2023 NCAA Championships Watch Party

Iowa NCAA Wrestling Bracket Reactions

Iowa NCAA Wrestling Bracket Reactions

The brackets are out for the 2023 NCAA Wrestling Championships. Check out Iowa's draws for the NCAA Wrestling Tournament in Tulsa.

Mar 9, 2023 by Andy Hamilton
Iowa NCAA Wrestling Bracket Reactions

Second-ranked Iowa stayed in the title fight until midway through the final round at the Big Ten Championships before Penn State pulled away and claimed the crown. 

The Hawkeyes scored 134.5 points at the conference tournament and claimed 10 automatic qualifying spots for the NCAA Wrestling Championships — a strong showing but not enough to take down a mighty Penn State squad with four returning NCAA champions. 

But the NCAA Championships are a different animal. A bigger animal. And for Iowa to remain in the title race deep into the tournament, the Hawkeyes are going to have to reach another level and likely get some help from other teams as well. 

Check out the full NCAA brackets

Here’s a look at the bracket path for each of the 10 Hawkeyes headed to Tulsa: 

125 pounds — #1 seed Spencer Lee 

Spencer Lee takes aim at a fourth NCAA title in a bracket that includes 11 wrestlers he’s faced at one point in his career, none of whom have stayed within five points or fewer against him. The Iowa senior is 17-0 this season with 15 bonus-point victories. For his career, he’s 95-5 with an 81-percent bonus rate. 

Five wrestlers in the bracket are in the 19-percent category, avoiding bonus points against Lee at one point  — Princeton’s second-seeded Patrick Glory (a 12-6 loss at the Midlands in 2018), Nebraska’s third-seeded Liam Cronin (an 8-2 loss last weekend in the Big Ten finals), #10 seed Brandon Courtney of Arizona State (a 7-0 loss in the 2021 NCAA finals), #11 Patrick McKee of Minnesota (a 7-1 loss earlier this season) and #16 Jack Medley (an 8-1 loss during the 2020 season). It’s worth mentioning that Lee has also registered wins by pin or technical fall in college against everyone in that group except Courtney. 

Medley is the only one of that bunch who’s on the top side of the bracket in Tulsa with Lee. They could collide in Thursday night’s second round. Lee dusted Medley 17-0 last weekend during the Big Ten quarterfinals. 

There’s a possibility that Lee’s path to the finals could include three Big Ten opponents with the potential for bouts against Wisconsin’s Eric Barnett in the quarterfinals and Purdue’s Matt Ramos in the semis. Ramos raced out to an early 8-1 lead against Lee in January when he tossed the Hawkeye to his back before Lee rallied back and scored a fall later in the period. 

133 pounds — #24 seed Brody Teske 

Teske is making his third trip to the NCAA Wrestling Championships and first as a Hawkeye after qualifying twice at 125 pounds for Northern Iowa. He went 2-2 in his previous two shots at the national tournament. 

This time around, he’s the #24 seed at 133. Teske takes a 9-4 record into Tulsa after knee issues limited his availability early in the season. He opens the tournament against Pittsburgh’s Micky Phillippi, a five-time NCAA qualifier who reached the Round of 12 each of the past two years. If Teske can get past Phillippi, there’s a second-round bout waiting against either Big Ten runner-up Aaron Nagao of Minnesota or Oklahoma’s Wyatt Henson, who transferred from Iowa after last season.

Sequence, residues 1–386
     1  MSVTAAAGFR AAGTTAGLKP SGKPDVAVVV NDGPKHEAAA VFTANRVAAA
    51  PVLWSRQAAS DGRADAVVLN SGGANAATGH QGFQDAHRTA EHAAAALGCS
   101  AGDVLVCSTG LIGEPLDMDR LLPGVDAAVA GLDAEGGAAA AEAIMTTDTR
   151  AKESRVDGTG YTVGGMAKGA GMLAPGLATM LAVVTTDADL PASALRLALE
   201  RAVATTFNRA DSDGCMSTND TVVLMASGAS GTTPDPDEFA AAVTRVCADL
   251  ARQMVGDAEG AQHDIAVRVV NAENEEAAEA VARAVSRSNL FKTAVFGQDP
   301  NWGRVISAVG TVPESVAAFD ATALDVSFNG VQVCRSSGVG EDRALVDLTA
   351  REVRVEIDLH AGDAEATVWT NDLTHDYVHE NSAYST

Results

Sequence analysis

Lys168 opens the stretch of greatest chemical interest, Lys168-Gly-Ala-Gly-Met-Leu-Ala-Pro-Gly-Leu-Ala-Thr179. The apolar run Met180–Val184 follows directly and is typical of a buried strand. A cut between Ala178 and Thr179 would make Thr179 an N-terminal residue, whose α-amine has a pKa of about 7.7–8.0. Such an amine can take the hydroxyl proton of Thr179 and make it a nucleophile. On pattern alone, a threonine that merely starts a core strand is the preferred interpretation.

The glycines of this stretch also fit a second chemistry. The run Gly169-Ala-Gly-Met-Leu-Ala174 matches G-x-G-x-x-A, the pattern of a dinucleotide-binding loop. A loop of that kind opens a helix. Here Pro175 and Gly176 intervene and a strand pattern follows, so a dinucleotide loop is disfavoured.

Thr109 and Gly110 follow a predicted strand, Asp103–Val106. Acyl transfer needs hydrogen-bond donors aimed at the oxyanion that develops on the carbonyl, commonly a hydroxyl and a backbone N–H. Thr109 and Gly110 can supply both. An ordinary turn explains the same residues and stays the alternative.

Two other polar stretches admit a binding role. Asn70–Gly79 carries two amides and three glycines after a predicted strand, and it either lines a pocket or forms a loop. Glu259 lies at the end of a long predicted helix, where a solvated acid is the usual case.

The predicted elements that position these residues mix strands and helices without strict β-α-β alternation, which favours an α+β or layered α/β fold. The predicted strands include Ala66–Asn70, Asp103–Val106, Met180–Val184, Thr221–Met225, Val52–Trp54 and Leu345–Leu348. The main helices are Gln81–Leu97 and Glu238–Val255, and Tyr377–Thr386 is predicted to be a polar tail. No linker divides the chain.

A loss to Phillippi, though, would bounce Teske into the consolations, where he’d run into the Nagao-Henson loser at the onset of a challenging path to the podium. 

141 pounds — #1 seed Real Woods 

Woods seized the #1 seed at 141 after following up an undefeated regular season with a Big Ten title. The Stanford transfer was superb in all three positions during his three seasons with the Cardinal, but the top position has become a major weapon for the returning All-American this season. Woods has been ultra-aggressive early, often racing out to big leads thanks to quick takedowns followed by tilts. 

He’ll open the tournament against the winner of the preliminary round bout between Maryland’s Kal Miller and Bloomsburg’s Josh Mason. After that, he could get Ohio State’s Dylan D’Emilio or Navy’s Josh Koderhandt.

If he takes care of business on Thursday, a Big 12 opponent could be waiting for Woods in Friday’s quarterfinal round. Oklahoma’s Mosha Schwartz, Iowa State’s Casey Swiderski and Missouri’s Allan Hart are all part of Woods’ quarter bracket. 

If Woods can navigate his way to the semis, there’s a potential for a Big Ten championship rematch with Nebraska’s Brock Hardy, the #4 seed. They’ve met twice this season with Woods winning 6-4 in January and 2-1 in the Big Ten finals. 

149 pounds — #8 seed Max Murin 

Murin is trying to punch through to the podium for the first time in his final tournament with the Hawkeyes. He’s a five-time NCAA qualifier who reached the Round of 12 in each of his previous three trips to the tournament. Reaching the medal stand this time around will be easy task for the senior. 

Murin opens the tournament against Edinboro’s Ryan Burgos. An opening-round win sets him up for a battle Thursday night against either #9 seed Jonathan Millner of Appalachian State or #24 seed Victor Voinovich of Oklahoma State. Millner defeated Murin 8-1 in the blood round last year in Detroit, while Voinovich tested Murin in Iowa City last month before the Hawkeye prevailed 4-3. 

If Murin can punch through to the quarters, he’ll likely run into the guy who bounced him to the backside last year — three-time NCAA champion Yianni Diakomihalis of Cornell. 

157 pounds — #14 seed Cobe Siebrecht 

The Hawkeyes entered the season with a vacancy to fill at 157 pounds after the graduation of four-year starter Kaleb Young. Siebrecht grabbed hold of the job early in the season and didn’t let go, posting wins along the way against All-Americans Brayton Lee and Will Lewan.